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J C E Hitchcock
- Publié sur Amazon.com
"Look Back in Anger", first performed at London's Royal Court Theatre in 1956, is often cited as marking a theatrical revolution. The British theatre of the early fifties, dominated by playwrights like Noel Coward and Terence Rattigan, was widely regarded as genteel, well-mannered and middle-class. John Osborne's play can be seen as a deliberate reaction against those values. Its plot is conventional enough. It centres around the stormy marriage of a young couple, Jimmy and Alison Porter, who separate after a series of quarrels. Unknown to Jimmy, Alison is pregnant at the time, and he starts a relationship with her best friend Helena, an actress. Six months later Alison, having lost her baby, returns, and Helena ends her affair with Jimmy so as to allow the couple to be reunited.
What was shocking about the play was its social setting and the attitudes displayed by the characters, especially Jimmy. He is from a working-class family and, although he has a university degree, has turned his back on the sort of well-paid white-collar job that such an educational background would normally have led to in the fifties, working as a trader in the local market, running a sweet stall with his friend Cliff. He and Alison, with Cliff as a lodger, live in a dingy bed-sit in a large Midlands town. Alison herself is from the wealthy upper middle classes (her father is a retired Indian Army officer) and her family resent her marriage to Jimmy.
It was in the late fifties that the term "Angry Young Man" was coined by the critics to describe not only writers such as Osborne, Kingsley Amis and John Braine, but also their characters such as Jimmy Porter and Amis's Lucky Jim, who were seen as the mouthpieces of their creators. Jimmy is, to borrow the title of a famous film of the period, a rebel without a cause.
In another Osborne play from around the same period, "An Epitaph for George Dillon", the hero, himself a playwright, is advised by his agent to cut out the long speeches from his latest play, which are seen as being "too Bernard Shaw". This is not advice which Osborne took himself, although the passionate, emotional "Look Back in Anger" is very different in style to Shaw's plays, which at times can read like extracts from the proceedings of a debating society. Jimmy gives vent to his feelings in a series of long, angry speeches. (As Osborne himself was to point out, there is something formal about these speeches, which he likened to operatic recitative).
In these speeches, Jimmy attacks the state of British society, and often takes the opportunity to have a go at Alison and her family (especially her mother) whom he sees as part of the traditional British ruling class. He is instinctively suspicious of any form of authority and of the establishment. He is hostile to religion and to the growing "never had it so good" conservatism of fifties Britain. He does not, however, himself really subscribe to any alternative system of values such as Communism or Socialism. A frequent theme of his complaints is that there are no longer any good causes to fight for; he envies his parents' generation who could fight the anti-fascist battles of the thirties and forties. (His father was a veteran of the Spanish Civil War).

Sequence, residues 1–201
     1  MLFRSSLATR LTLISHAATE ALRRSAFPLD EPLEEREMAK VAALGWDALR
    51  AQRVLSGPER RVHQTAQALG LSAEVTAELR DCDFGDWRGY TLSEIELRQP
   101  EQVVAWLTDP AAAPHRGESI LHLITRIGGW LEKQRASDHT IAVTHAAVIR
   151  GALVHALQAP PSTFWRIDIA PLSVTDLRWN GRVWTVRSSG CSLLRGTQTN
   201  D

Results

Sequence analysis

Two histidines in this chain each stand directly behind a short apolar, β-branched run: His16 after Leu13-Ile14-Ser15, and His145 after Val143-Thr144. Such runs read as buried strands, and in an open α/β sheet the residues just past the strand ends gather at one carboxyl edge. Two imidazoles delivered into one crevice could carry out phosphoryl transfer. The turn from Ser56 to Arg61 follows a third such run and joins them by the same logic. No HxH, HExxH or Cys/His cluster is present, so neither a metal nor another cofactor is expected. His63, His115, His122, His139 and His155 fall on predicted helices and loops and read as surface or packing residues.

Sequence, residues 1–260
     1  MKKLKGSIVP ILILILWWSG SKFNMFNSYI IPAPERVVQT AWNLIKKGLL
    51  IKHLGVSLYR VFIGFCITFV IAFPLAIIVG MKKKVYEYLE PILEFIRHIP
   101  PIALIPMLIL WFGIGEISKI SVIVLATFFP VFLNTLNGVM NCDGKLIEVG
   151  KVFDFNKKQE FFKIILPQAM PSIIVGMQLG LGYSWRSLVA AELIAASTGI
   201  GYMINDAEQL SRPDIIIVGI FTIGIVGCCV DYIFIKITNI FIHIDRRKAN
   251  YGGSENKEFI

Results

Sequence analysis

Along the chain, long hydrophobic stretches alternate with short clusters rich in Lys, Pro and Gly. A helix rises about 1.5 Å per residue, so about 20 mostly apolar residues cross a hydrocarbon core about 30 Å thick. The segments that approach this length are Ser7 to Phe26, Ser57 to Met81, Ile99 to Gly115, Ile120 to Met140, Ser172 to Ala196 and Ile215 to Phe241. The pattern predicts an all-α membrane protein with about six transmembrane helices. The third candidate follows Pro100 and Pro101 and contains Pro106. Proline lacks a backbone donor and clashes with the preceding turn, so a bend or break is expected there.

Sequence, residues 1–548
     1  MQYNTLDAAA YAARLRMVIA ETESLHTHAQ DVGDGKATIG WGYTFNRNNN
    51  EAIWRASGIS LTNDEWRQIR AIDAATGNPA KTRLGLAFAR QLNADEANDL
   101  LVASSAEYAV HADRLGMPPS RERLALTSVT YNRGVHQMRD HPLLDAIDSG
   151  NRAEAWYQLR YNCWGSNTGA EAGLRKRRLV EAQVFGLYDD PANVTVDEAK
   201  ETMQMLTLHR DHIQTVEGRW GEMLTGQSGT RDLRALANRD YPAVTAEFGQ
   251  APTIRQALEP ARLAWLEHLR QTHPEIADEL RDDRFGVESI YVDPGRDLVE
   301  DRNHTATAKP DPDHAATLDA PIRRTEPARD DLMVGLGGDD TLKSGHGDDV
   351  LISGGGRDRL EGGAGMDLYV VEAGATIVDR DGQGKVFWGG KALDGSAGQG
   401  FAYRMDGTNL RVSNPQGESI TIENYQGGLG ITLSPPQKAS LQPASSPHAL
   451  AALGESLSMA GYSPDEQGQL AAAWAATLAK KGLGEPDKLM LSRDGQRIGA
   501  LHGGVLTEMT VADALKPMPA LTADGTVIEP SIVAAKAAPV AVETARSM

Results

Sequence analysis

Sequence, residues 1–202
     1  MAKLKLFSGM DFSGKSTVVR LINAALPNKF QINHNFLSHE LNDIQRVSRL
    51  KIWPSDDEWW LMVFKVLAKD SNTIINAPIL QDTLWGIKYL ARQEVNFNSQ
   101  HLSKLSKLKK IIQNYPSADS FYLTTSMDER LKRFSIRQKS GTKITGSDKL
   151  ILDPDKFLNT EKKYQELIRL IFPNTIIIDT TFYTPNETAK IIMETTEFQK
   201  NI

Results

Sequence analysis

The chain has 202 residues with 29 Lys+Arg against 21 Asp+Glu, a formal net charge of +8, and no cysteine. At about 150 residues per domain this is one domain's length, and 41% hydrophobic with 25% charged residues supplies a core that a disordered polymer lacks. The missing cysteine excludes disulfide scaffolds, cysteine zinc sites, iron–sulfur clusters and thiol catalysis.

Jimmy's relationship with Alison is a complex one, perhaps best expressed by the cliché that they can neither live with one another nor without one another. On the one hand, the differences in their personalities and their social backgrounds is the cause of constant friction between them. On the other, they have a deep emotional need for one another, shown by their game of "bears and squirrels". To an outsider such as Helena this is mere sentimental whimsy; to them, it is a way of expressing their mutual love.
One reviewer complains that Osborne had a "tin ear" for dialogue and quotes some of Helena's lines in support of this complaint. The problem lies not with the playwright's "tin ear" but rather with the fact that some people have tin voices. There are plenty of people in Britain, especially from Helena's upper-middle-class stratum of society who speak in precisely that stilted, formal tone of voice as a substitute for feeling. In the fifties there were probably even more.
Although it had enthusiastic supporters such as the critics Kenneth Tynan and Harold Hobson, "Look Back" was highly controversial when it was first produced, being too shocking for many critics and theatregoers in the fifties. Today it has largely lost its power to shock, kitchen-sink realism, bad language and anti-establishment opinions having become commonplace in the theatre over the last fifty years. Nevertheless, when well produced its emotional power and sincerity mean that it can still be an impressively memorable experience in the theatre.
not a natural